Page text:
W. Cline, United States External Adjustments and the World Economy (Washington, D.C.: Institute for International Economics, 1989);

R. Dornbusch, “External Balance Correction: Depreciation or Protection?,” Brookings Papers on Economic Activities, no. 1, 1987, pp. 249–269;

P. Krugman, R. Baldwin, B. Bosworth, and P. Hooper, “The Persistence of the U.S. Trade Deficit: Comments and Discussion,” Brookings Papers on Economic Activities, no. 1, 1987, pp. 1–55; and

M. Miller, J. Grant, and G. Thiessen, “Plans to Solve the Problem of the Twin U.S. Deficits,” Canadian Public Policy, volume 15, supplement, February 1989, pp. S58–70.

12. See Economic Report to the President (Washington, D.C.: U.S. Government Printing Office, 1996), Table B–99.

13. A more formal derivation of the equation begins with the basic macroeconomic identity. We know that:

C + G + I + (X – M) = Y = C + S + (TX – TR)

where C is consumption, G is government purchases, I is investment, Y is GNP, TX is taxes paid to government, and TR is transfer payments made by government. By rearranging terms, we find:

[(G + TR) – TX] + (I – S) = – (X – M)

The left side of this equation is the excess of total government spending over tax revenue — or net public borrowing — plus net private borrowing; the right side is the trade deficit.

14. Economic Report to the President (1996), p. 251. See pages 250–259 for the council’s full analysis of the causes and consequences of the U.S. trade deficit.

15. These trends are clearly visible in: Economic Report to the President (1996), Table B-99.

16. For an analysis of the pressures on the federal budget in the future, see:

P. Peterson, Facing Up: How to Restore the Economy from Crushing Debt and Restore the American Dream (New York: Simon & Schuster, 1993).

17. For trends in U.S. saving, see:

Economic Report to the President (1996), Table B-28.

18. Unfortunately, more recent comparable data is unavailable. Tables detailing GDP by industry (formerly Tables B-11 and B-12) were not included in the 1996 Economic Report to the President and seem unlikely to return. This change offers compelling evidence of the perceived unimportance of the source of domestic product (i.e., manufacturing versus services) in Washington.

19. Note that the source for constructing Table 9 differs from the source for Tables 3 and 4. As a result, the product classifications and their respective percentages of U.S. exports and imports may vary slightly between tables.

20. Economic Report to the President (Washington, D.C.: U.S. Government Printing Office, 1994), Table B-106.

21. Economic Report to the President (1996), Table B-102.

22. T. Sekimoto, “Agenda for Global Trade,” Keidanren Review on the Japanese Economy, special issue, May 1995, p. 5.

23. This conclusion is based on an informal study on the origin of various household and consumer products that I conducted in early 1995. I selected a wide range of product categories and surveyed the stores of five large national and regional mass merchandisers to determine the national origin of these products. China was the primary source for footwear and toys in all stores and a major source of clothing and small appliances. Other Asian nations were the primary source for most electronic products, but Chinese goods were also represented. Conspicuously absent in most of these categories were American-made products.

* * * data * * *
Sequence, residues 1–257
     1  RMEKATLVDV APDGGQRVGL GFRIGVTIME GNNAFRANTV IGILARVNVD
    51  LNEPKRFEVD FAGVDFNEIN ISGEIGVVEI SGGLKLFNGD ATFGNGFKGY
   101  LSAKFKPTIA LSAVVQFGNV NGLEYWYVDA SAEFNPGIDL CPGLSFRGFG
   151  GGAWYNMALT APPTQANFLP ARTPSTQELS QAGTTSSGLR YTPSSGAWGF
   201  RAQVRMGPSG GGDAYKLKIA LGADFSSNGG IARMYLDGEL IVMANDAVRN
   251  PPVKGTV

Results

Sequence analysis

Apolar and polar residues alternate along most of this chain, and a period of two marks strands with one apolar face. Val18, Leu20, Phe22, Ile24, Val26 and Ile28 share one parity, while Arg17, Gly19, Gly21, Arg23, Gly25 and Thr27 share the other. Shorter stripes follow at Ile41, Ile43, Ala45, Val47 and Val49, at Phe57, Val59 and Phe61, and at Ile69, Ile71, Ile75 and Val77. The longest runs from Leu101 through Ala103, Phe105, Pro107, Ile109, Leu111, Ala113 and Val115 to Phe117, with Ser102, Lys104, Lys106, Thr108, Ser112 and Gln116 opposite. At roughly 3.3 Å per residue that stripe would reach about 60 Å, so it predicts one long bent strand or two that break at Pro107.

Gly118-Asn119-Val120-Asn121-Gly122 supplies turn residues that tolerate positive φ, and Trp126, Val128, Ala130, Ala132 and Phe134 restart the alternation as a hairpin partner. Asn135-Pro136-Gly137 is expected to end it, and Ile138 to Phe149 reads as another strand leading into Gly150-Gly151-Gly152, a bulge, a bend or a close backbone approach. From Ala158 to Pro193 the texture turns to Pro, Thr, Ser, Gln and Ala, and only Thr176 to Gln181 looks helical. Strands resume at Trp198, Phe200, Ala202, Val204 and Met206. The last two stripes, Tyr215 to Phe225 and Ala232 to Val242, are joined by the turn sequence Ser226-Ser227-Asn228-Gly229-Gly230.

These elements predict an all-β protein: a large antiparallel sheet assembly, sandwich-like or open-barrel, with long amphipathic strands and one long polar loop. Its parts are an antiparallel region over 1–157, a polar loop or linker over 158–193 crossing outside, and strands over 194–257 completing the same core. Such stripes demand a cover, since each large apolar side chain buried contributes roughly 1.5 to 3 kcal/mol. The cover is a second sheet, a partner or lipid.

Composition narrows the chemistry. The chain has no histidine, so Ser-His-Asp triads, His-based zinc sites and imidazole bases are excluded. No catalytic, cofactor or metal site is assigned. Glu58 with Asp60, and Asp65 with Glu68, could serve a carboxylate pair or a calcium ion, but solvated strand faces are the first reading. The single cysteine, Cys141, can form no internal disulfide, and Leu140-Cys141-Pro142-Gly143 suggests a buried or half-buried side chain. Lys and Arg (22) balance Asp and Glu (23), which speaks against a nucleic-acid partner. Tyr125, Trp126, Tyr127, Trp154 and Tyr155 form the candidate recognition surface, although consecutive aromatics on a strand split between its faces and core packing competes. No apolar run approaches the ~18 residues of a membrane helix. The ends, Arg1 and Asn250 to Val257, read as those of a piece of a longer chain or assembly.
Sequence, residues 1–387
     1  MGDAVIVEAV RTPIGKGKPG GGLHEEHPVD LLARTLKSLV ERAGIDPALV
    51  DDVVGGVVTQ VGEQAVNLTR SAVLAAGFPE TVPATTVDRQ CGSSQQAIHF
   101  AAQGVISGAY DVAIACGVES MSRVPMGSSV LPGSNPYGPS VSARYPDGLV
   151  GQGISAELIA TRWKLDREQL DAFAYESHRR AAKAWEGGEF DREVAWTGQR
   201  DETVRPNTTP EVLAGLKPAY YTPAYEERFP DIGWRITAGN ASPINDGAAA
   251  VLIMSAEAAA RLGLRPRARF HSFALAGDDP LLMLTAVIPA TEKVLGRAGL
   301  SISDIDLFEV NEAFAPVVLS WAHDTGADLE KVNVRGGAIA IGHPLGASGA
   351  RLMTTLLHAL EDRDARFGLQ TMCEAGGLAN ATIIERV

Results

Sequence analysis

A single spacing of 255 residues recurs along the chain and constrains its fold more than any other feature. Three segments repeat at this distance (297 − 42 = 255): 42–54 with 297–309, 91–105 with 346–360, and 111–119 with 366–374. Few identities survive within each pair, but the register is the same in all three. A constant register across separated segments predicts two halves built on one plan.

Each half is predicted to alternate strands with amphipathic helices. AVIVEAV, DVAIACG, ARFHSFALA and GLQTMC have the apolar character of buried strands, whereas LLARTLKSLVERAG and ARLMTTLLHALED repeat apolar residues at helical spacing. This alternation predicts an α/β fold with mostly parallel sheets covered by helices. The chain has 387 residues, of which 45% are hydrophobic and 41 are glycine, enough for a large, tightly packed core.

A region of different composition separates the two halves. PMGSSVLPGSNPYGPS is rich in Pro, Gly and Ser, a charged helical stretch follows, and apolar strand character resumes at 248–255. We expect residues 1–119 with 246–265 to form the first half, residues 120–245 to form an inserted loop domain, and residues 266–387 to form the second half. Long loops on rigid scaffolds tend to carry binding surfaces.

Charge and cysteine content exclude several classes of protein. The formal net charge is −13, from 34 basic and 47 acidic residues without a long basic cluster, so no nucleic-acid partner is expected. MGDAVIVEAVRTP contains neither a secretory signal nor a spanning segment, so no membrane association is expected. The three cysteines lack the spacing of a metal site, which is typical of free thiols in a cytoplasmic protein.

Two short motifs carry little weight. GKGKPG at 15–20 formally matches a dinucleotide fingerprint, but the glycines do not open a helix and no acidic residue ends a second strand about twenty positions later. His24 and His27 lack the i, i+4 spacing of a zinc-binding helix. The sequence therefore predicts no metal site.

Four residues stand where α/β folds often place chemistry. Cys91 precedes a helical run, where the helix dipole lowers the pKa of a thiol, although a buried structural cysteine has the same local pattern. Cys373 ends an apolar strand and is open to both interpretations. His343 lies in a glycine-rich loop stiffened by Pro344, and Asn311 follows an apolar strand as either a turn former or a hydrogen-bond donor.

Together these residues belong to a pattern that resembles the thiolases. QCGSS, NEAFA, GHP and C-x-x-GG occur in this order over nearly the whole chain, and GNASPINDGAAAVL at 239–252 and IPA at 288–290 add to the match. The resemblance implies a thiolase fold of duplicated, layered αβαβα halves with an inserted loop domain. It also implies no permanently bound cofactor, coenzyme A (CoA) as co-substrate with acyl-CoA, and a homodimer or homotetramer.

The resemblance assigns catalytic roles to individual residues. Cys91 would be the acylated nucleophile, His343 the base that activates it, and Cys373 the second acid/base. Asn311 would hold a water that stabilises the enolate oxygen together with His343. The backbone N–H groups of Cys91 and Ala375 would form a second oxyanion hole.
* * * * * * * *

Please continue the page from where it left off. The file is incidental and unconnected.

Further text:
24. International Monetary Fund, Balance of Payments Statistics Year-book, Part 2 (Washington, D.C.: IMF, 1993), Tables C-2 through C-7.

25. For a detailed and somewhat sanguine analysis of U.S. productivity in general and of the service sector in particular, see:

W. Baumol, S.A. Batey Blackman, and E. Wolff, Productivity and American Leadership: The Long View (Cambridge, Massachusetts: MIT Press, 1989).

26. Krugman notes that the two decades since 1970 have seen the lowest productivity growth of the century. See:

P. Krugman, The Age of Diminished Expectations: U.S. Economic Policy in the 1990s (Cambridge, Massachusetts: MIT Press, 1990), chapter 1.

For trends in U.S. productivity growth, see also:

Economic Report to the President (1994), Tables B-47 and B-48.

27. In 1992, average hourly earnings in manufacturing were $11.46, while average earnings in all private industry groups were $10.58. For trends in real wages and earnings, see:

Economic Report to the President (1994), Table B-45.

28. D. Sanger, “President Imposes Trade Sanctions on Chinese Goods,” New York Times, 5 February 1995, p. 1.

29. For a few examples of this approach, see:

Hayes and Wheelwright (1984);

Scott and Lodge (1985);

L. Thurow, “Revitalizing American Industry: Managing in a Competitive World Economy,” California Management Review, volume 27, Fall 1984, pp. 9–41; and

R. Vernon, “Can U.S. Manufacturing Come Back?,” Harvard Business Review, volume 64, July–August 1986, pp. 98–106.

30. Encarnation (1992), p. xi.

31. For information on U.S. trade in 1992, see:

Direction of Trade Statistics Yearbook (1994).

For information on “intrafirm” trade between U.S. parents and their foreign affiliates in 1992, see:

Mataloni (1994).

For information on intrafirm trade between foreign parents and their U.S. affiliates in 1992, see:

Zeile (1994).

32. The factors influencing the location of foreign production and investment are an integral part of the theory of the multinational enterprise. See:

P. Buckley and M. Casson, The Future of the Multinational Enterprise (London: Macmillan Press, 1976);

P. Buckley and M. Casson, Multinational Enterprises in the World Economy: Essays in Honour of John Dunning (Aldershot, United Kingdom: Edward Elgar Publishing Ltd., 1992), particularly chapters 3 and 4;

A. L. Calvet, “A Synthesis of Foreign Direct Investment Theories and Theories of the Multinational Firm,” Journal of International Business Studies, volume 12, 1981, pp. 43–59;

J. Dunning, “Trade, Location of Economic Activity, and the MNE: A Search for an Eclectic Approach,” in B. Ohlin, P.O. Hesselborn, and P.M. Wijkman, eds., The International Allocation of Economic Activity (London: Macmillan, 1977);